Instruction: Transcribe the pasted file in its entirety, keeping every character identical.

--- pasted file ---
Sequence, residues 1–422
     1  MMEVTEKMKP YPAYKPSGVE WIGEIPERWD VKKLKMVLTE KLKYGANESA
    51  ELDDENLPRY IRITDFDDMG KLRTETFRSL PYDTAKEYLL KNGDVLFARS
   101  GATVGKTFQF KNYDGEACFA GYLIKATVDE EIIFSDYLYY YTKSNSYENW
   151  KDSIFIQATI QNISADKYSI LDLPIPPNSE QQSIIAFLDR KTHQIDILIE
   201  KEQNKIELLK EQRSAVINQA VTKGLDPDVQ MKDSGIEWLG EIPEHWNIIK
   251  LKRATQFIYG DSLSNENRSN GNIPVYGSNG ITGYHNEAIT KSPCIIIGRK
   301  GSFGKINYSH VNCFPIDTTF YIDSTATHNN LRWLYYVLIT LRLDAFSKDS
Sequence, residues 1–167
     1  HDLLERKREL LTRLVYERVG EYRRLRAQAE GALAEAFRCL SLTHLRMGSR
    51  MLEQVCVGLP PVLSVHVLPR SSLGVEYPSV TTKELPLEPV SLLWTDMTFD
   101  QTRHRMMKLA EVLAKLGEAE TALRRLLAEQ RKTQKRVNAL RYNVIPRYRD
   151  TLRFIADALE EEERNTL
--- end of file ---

Sequence, residues 1–422
     1  MMEVTEKMKP YPAYKPSGVE WIGEIPERWD VKKLKMVLTE KLKYGANESA
    51  ELDDENLPRY IRITDFDDMG KLRTETFRSL PYDTAKEYLL KNGDVLFARS
   101  GATVGKTFQF KNYDGEACFA GYLIKATVDE EIIFSDYLYY YTKSNSYENW
   151  KDSIFIQATI QNISADKYSI LDLPIPPNSE QQSIIAFLDR KTHQIDILIE
   201  KEQNKIELLK EQRSAVINQA VTKGLDPDVQ MKDSGIEWLG EIPEHWNIIK
   251  LKRATQFIYG DSLSNENRSN GNIPVYGSNG ITGYHNEAIT KSPCIIIGRK
   301  GSFGKINYSH VNCFPIDTTF YIDSTATHNN LRWLYYVLIT LRLDAFSKDS
Sequence, residues 1–167
     1  HDLLERKREL LTRLVYERVG EYRRLRAQAE GALAEAFRCL SLTHLRMGSR
    51  MLEQVCVGLP PVLSVHVLPR SSLGVEYPSV TTKELPLEPV SLLWTDMTFD
   101  QTRHRMMKLA EVLAKLGEAE TALRRLLAEQ RKTQKRVNAL RYNVIPRYRD
   151  TLRFIADALE EEERNTL